Quetiapine Effective Against Anxiety in Bipolar Depression

Paula Moyer, MA

May 07, 2004

May 7, 2004 (New York) — The atypical antipsychotic quetiapine (Seroquel) is effective in treating the anxiety symptoms associated with bipolar depression, according to findings presented here at the 157th annual meeting of the American Psychiatric Association.

"This is the first time that an antipsychotic has been shown to have clear antidepressant activity," senior investigator Joseph R. Calabrese, MD, told Medscape in a telephone interview. "Treatment separated from placebo on every outcome. I was surprised to see how large the effect was. It seems to me that this drug is not just an antipsychotic. It separated from placebo on nine of 10 items, compared to olanzapine, which separates from placebo in three items when assessed as a treatment for bipolar depression." Dr. Calabrese is a professor of psychiatry at Case Western Reserve University in Cleveland, Ohio.

In a study funded by AstraZeneca, the manufacturer of quetiapine, the investigators sought to evaluate the efficacy and safety of quetiapine monotherapy for anxiety symptoms in patients with bipolar depression. The study involved 511 patients, 342 with bipolar I disorder and 169 with bipolar II disorder, all of whom were experiencing depression. Patients were randomized in a double-blind fashion to receive eight weeks of treatment with quetiapine, 300 mg or 600 mg daily, or placebo. The investigators assessed anxiety with the Hamilton Rating Scale for Anxiety (HAM-A). At baseline the scores were similar across groups, ranging from 18.6 to 18.9.

Patients in the quetiapine groups improved significantly in the HAM-A score compared with those in the placebo group (P < .05). This difference held at every evaluation starting with the first at day 8 and continuing throughout the study, at which point the 300-mg group had a mean HAM-A score reduction of 8.6, the 600 mg group's score reduction averaged 8.7, and the placebo group had an average score reduction of 5.5.

"We don't know if this was a drug-specific effect or a class effect," said Norman Sussman, MD, in a telephone interview seeking outside comment. "The findings show that quetiapine might be an option in treating the anxiety component of bipolar depression." He is a professor of psychiatry at New York University School of Medicine with a special interest in psychopharmacology.

In a separate study, investigators found that early diagnosis of bipolar disorder in college-age students was associated with improved outcome.

"This was the first time that we reviewed college-age students," said senior investigator Terence A. Ketter, MD in a telephone interview. "We're very interested in finding ways to intervene early in bipolar disorder. Our review showed that if you get in early and treat these patients, you can improve outcomes. For example, because they are more likely to present with depression before they have a manic episode, a thorough medical history and family history may prevent a routine antidepressant prescription and the subsequent rapid cycling." He is an associate professor of psychiatry at Stanford University Medical Center in Stanford, California, where he is chief of the bipolar disorders clinic.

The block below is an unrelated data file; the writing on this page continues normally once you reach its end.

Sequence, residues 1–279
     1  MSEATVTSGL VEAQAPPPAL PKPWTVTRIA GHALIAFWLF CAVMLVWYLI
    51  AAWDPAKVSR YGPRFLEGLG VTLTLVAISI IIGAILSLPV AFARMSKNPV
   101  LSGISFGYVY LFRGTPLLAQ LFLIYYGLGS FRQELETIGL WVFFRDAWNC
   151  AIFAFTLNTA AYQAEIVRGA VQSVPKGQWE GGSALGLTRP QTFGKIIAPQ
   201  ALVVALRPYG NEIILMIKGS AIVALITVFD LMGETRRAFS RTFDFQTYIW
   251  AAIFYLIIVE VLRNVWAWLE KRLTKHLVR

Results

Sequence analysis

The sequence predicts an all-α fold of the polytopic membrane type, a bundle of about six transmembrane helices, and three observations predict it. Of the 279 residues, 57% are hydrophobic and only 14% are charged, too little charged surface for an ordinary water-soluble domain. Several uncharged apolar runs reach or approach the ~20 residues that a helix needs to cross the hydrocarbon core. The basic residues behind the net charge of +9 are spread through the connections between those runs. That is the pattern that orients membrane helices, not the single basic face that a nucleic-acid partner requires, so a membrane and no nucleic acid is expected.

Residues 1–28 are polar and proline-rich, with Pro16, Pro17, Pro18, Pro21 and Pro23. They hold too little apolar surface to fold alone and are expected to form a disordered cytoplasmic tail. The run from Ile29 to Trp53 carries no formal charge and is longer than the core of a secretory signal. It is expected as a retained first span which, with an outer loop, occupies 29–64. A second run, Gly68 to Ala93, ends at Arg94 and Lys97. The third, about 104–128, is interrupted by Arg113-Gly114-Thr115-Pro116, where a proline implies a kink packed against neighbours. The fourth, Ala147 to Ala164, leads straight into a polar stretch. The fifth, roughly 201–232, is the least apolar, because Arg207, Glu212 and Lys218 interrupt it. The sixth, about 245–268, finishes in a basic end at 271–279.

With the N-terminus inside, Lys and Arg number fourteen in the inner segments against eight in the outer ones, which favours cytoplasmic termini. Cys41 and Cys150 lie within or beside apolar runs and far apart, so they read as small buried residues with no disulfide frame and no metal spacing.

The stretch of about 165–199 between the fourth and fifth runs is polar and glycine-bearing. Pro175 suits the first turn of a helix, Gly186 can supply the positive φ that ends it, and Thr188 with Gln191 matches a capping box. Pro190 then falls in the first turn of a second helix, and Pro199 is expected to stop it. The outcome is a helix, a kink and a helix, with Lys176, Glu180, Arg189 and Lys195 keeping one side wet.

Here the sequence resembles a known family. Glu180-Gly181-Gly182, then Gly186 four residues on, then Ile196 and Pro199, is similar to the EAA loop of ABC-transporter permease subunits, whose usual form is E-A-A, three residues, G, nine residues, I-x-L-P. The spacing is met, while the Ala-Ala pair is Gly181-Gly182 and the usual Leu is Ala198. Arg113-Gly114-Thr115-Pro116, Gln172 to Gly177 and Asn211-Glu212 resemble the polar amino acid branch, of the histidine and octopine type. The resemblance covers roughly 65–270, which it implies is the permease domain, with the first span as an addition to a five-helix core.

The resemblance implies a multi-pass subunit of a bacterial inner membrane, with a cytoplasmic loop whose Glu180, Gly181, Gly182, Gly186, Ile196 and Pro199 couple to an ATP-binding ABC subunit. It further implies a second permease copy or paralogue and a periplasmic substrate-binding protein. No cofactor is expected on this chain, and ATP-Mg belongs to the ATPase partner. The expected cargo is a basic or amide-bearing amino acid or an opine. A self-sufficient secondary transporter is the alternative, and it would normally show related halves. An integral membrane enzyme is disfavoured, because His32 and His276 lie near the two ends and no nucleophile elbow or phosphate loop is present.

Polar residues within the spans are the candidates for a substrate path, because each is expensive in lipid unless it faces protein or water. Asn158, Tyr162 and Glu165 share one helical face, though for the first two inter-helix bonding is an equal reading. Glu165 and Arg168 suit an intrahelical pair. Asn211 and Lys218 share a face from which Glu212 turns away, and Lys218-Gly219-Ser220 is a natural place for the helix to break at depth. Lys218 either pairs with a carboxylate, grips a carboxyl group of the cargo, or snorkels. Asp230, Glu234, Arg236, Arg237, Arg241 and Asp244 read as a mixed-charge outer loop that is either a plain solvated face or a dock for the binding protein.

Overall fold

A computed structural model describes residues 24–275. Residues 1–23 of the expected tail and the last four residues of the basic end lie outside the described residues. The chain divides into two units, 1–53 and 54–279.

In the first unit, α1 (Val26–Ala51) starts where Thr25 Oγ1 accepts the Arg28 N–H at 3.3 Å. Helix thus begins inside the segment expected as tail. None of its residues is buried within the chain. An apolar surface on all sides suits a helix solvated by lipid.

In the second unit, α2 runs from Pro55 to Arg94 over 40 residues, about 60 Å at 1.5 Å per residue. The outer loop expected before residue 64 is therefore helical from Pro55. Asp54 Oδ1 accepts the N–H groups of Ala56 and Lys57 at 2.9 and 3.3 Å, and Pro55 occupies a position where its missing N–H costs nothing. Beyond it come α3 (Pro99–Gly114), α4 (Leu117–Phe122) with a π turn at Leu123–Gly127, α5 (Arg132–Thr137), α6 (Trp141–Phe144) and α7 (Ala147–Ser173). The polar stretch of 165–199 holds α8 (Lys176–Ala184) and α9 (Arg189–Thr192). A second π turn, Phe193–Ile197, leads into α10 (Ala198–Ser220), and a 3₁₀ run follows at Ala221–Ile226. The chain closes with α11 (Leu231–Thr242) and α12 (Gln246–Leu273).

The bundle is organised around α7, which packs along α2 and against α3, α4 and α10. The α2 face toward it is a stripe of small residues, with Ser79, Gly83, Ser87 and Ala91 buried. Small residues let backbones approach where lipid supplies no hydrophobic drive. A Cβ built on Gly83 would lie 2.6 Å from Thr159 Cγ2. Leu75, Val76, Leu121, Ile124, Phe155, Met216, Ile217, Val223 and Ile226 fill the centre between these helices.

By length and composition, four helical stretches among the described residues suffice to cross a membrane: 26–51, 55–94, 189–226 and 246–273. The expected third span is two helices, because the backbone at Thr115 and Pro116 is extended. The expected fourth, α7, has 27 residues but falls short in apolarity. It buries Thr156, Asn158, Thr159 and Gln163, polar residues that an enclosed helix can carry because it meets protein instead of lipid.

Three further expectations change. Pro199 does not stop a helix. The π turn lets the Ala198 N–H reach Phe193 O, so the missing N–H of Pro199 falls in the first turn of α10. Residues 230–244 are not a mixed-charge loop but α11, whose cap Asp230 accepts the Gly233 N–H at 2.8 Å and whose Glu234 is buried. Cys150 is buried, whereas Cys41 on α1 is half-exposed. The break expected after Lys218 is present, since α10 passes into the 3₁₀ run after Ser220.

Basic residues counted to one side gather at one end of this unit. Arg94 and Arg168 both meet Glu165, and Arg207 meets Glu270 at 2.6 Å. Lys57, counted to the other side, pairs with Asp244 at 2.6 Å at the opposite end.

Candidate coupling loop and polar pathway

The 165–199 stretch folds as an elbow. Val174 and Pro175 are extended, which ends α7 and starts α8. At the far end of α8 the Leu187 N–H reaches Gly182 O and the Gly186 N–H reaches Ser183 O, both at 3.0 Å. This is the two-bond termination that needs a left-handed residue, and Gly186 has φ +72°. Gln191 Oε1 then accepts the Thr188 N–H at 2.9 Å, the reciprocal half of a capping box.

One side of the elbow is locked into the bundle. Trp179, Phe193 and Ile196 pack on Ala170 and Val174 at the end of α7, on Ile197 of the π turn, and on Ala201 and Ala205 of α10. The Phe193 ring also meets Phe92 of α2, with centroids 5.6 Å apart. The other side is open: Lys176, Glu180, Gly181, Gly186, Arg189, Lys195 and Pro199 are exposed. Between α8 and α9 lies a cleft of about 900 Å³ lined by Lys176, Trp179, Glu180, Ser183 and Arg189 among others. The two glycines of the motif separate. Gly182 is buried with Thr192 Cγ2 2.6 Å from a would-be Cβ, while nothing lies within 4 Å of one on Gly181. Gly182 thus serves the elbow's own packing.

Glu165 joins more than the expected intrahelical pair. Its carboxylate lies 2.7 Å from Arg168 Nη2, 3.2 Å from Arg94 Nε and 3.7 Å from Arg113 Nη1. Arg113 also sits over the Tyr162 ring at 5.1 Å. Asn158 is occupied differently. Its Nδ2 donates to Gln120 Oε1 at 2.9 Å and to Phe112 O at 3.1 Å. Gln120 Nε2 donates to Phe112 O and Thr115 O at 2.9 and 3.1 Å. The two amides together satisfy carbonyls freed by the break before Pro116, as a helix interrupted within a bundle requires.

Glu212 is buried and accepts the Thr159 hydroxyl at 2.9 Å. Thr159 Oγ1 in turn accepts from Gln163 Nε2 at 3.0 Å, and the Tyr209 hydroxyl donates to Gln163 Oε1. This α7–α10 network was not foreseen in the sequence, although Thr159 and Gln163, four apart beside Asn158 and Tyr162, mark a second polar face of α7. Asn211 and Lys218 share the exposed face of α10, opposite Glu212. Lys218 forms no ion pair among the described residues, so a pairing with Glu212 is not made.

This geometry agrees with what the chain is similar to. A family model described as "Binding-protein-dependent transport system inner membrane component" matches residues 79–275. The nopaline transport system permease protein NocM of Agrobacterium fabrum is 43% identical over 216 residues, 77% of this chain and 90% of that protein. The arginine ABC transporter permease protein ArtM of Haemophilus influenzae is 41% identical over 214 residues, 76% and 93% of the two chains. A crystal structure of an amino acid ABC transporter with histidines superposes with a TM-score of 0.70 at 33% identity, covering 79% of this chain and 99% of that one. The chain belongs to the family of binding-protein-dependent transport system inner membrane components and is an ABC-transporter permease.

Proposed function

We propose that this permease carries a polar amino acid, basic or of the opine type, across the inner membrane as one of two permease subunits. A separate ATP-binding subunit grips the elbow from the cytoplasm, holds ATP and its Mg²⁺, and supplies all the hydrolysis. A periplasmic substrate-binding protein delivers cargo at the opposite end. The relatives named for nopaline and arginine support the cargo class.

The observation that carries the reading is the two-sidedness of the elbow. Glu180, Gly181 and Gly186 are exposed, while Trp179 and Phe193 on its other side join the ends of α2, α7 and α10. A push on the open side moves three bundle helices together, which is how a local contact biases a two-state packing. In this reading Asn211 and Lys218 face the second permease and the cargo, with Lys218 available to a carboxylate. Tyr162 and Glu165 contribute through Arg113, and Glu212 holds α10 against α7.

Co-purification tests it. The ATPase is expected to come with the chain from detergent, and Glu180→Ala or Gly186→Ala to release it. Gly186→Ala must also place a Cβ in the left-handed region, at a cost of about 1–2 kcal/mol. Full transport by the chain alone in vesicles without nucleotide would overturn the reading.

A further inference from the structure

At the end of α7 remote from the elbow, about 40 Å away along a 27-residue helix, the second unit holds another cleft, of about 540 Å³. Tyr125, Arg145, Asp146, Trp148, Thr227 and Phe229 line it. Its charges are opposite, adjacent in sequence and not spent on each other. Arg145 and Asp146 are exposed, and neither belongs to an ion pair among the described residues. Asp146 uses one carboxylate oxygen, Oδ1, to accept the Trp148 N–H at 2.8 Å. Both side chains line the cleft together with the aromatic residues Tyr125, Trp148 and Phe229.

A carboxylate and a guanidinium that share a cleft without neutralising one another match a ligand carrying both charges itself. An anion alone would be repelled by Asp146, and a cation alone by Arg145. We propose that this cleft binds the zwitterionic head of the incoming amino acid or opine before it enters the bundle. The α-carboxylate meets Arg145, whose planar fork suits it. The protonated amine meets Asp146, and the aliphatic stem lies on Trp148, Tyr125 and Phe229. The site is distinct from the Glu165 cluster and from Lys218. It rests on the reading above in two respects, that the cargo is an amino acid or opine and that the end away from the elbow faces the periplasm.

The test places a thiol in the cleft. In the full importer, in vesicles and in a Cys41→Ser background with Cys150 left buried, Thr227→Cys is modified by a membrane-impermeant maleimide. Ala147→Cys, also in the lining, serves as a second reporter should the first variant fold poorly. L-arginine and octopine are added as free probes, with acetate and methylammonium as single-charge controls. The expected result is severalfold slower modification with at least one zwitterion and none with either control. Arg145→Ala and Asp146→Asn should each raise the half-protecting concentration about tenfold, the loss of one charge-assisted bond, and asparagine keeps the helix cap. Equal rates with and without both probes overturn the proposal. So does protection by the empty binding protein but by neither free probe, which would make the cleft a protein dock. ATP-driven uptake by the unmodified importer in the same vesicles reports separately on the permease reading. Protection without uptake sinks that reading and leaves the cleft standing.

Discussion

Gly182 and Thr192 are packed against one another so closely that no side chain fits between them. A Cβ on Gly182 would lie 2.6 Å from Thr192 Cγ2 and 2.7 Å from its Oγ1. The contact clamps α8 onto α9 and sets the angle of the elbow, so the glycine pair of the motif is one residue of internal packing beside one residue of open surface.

In this retrospective chart review, the investigators tracked the course of 42 patients with bipolar disorder, 24 patients with type I, 11 patients with type II, and seven not specified. The patients were an average of 21.9 years old and half were women. They had been treated for an average of 1.8 years and were an average of 16.1 years old at the onset of their illness, with a duration prior to diagnosis of 5.9 years. The group was receiving an average of 2.3 psychotropic medications per patient.

Of the students, 64% had had a previous psychiatric hospitalization and 26% had attempted suicide. Most (63%) had anxiety disorders, 43% used marijuana, and 37% reported alcohol abuse. Most patients (68%) had first been treated for depression, with half receiving unopposed antidepressants. Of those receiving such treatments, 67% had pharmacologic hypomania compared with 21% in those receiving other treatments (P<0.01).

As the patients were followed over time, the Clinical Global Impression (CGI) score improved from 3.3 to 2.4 (P < .005), the Global Assessment of Function score increased from 59 to 67 (P < .005), and the percentage of patients in syndromal episodes fell from 48% to 12%. Of the 14% of students who had to be hospitalized while in college, all had prior hospitalizations; similarly, of the 7% who made suicide attempts, all were patients with prior attempts. At the last visit, each patient was receiving an average of 2.46 psychotropic medications.

"[This] study of college students reaffirms that people with bipolar disorder present with depression before they get manic," Dr. Sussman commented. "However, this does not mean that every young person with depression should get a mood stabilizer along with an antidepressant. It means that the treating physician needs to get a thorough history of the patient and the patient's family, and to ask about bipolar disorder as well as substance abuse."

APA 157th Annual Meeting: Abstract NR743, presented May 5, 2004; abstract 31, presented May 3, 2004.

Reviewed by Gary D. Vogin, MD


Comments on Medscape are moderated and should be professional in tone and on topic. You must declare any conflicts of interest related to your comments and responses. Please see our Commenting Guide for further information. We reserve the right to remove posts at our sole discretion.